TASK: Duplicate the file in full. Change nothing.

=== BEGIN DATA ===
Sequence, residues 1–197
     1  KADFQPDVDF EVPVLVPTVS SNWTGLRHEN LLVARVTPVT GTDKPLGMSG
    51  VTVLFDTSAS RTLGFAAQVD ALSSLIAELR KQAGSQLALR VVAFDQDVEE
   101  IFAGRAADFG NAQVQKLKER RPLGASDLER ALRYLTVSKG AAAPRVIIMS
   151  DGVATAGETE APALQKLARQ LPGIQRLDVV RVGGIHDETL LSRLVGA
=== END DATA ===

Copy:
Sequence, residues 1–197
     1  KADFQPDVDF EVPVLVPTVS SNWTGLRHEN LLVARVTPVT GTDKPLGMSG
    51  VTVLFDTSAS RTLGFAAQVD ALSSLIAELR KQAGSQLALR VVAFDQDVEE
   101  IFAGRAADFG NAQVQKLKER RPLGASDLER ALRYLTVSKG AAAPRVIIMS
   151  DGVATAGETE APALQKLARQ LPGIQRLDVV RVGGIHDETL LSRLVGA